Add those two figures together and you get the Misery Index. So if you combine the current 9.1 unemployment rate with the 3.6 inflation rate, the rate of misery in the American economy is 12.7. The country hasn't seen that kind of number in almost 30 years.
The president indelibly associated with the Misery Index is Jimmy Carter, who made a talking point of it in the long-ago presidential election of 1976. He said the index was too darned high -- it stood at a painful 13.6 percent back then. But by the time Mr. Carter ran for re-election as president in 1980, he had managed to raise it to almost 22 percent. And he would lose the White House to Ronald Reagan.
The Misery Index stayed under double digits from the early 1990s until the Great Recession struck in 2008. Now it's moved into Jimmy Carter territory, and that's not good news for Barack Obama. Or the country.
To make bad news worse, the International Monetary Fund says the American economy isn't going to grow as fast as the IMF had once predicted. Not that its previous idea of "fast" was exactly record-breaking. It was more, well ... slow.
A couple of months ago, the IMF predicted that this country's Gross Domestic Product would grow by 2.8 percent this year and 2.9 percent next. That's not 5 percent growth, but after a painful recession, some of us would take it happily. Now the IMF says to look for growth more like 2.5 percent this year and 2.7 next.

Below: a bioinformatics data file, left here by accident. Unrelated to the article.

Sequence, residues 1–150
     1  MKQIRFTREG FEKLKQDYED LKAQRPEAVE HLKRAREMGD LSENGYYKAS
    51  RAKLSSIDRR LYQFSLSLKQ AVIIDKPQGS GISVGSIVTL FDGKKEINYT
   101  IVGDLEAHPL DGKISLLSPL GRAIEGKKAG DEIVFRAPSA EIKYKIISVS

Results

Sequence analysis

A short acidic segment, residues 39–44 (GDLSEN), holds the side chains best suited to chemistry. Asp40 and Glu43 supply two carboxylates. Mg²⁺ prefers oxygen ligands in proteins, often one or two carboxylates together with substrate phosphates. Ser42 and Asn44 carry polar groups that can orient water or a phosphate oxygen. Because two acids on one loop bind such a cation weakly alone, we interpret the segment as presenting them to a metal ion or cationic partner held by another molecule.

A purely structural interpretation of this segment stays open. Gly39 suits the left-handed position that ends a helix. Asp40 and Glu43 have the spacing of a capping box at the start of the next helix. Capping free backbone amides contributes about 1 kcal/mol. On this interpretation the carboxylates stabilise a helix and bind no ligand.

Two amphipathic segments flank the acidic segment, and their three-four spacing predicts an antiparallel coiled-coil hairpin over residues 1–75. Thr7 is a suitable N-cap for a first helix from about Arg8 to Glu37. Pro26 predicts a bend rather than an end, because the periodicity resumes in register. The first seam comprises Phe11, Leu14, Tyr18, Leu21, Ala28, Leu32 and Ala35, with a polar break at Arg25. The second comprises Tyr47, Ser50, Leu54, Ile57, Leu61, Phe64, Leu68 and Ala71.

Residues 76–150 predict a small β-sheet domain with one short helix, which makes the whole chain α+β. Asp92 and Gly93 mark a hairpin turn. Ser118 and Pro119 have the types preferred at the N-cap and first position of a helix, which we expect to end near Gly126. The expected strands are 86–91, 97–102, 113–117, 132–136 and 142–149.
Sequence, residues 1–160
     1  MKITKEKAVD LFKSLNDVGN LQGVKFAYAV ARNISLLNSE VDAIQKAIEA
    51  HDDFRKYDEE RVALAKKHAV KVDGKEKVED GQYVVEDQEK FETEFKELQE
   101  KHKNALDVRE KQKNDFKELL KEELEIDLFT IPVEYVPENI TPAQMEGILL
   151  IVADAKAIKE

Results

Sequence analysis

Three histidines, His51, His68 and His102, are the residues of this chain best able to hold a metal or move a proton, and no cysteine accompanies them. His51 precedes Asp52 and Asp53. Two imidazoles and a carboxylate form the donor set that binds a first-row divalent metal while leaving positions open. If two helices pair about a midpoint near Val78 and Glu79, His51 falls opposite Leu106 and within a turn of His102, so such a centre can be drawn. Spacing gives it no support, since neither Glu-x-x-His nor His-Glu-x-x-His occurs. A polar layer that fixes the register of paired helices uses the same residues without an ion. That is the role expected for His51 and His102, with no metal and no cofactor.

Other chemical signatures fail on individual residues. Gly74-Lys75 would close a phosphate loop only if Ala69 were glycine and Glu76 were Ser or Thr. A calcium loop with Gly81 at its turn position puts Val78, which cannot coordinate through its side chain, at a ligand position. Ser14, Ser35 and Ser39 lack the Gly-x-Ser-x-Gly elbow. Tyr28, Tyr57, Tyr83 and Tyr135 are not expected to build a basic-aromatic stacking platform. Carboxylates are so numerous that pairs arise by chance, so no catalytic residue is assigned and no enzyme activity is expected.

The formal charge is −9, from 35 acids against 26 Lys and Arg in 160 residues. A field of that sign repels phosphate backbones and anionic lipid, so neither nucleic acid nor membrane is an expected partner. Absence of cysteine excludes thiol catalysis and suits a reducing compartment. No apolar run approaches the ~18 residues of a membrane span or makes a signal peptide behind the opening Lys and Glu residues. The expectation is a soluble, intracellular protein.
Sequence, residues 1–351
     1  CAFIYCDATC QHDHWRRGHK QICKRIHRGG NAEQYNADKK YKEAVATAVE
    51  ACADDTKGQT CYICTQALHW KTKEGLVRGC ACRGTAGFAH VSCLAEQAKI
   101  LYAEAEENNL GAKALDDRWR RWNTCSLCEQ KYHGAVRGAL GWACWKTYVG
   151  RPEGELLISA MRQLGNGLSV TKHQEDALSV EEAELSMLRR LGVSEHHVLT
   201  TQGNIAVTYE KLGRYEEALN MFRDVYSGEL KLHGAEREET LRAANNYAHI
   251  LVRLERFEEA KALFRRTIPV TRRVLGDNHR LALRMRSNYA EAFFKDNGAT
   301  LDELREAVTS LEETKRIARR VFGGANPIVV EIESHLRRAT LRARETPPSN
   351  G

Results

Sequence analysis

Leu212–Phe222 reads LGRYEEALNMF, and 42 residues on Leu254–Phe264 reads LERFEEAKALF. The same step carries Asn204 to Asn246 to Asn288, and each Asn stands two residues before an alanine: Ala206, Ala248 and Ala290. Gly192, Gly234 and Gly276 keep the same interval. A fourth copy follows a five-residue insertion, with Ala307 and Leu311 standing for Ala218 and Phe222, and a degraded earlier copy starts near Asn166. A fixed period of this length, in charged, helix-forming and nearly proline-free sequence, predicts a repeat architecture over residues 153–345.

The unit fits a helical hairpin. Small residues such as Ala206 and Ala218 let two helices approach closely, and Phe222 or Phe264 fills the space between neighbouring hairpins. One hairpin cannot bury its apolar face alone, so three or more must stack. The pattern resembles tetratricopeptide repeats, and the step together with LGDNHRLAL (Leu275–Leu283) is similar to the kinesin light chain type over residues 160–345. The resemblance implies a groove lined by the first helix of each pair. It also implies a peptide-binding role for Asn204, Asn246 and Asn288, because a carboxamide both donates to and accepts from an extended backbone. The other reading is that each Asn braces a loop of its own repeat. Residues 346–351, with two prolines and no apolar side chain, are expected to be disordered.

But even that slow growth rate could get slower if the United States and European nations don't start getting our/their debt under control. See Greece, where the rioting has already begun. Portugal may be next, then Ireland, and then ... well, the prognosis for Europe's more troubled economies is not the happiest.
There is some good news: Americans, including some of our leading politicians and pressure groups, are starting to talk about the dangers of government spending, deficits and debt. Even the AARP, formerly the American Association of Retired Persons, is now open to trimming Social Security -- if only down the road and by taking long overdue steps, like raising the retirement age. It's always a good thing when the AARP notices reality, finally.
There's also a faint hope that the Republicans might actually get some real cuts in federal spending in exchange for raising the debt limit. Then again, they could just settle for cosmetic savings, aka smoke-and-mirrors. Suspicion grows that those serious negotiations in Washington over cutting the budget aren't really serious.
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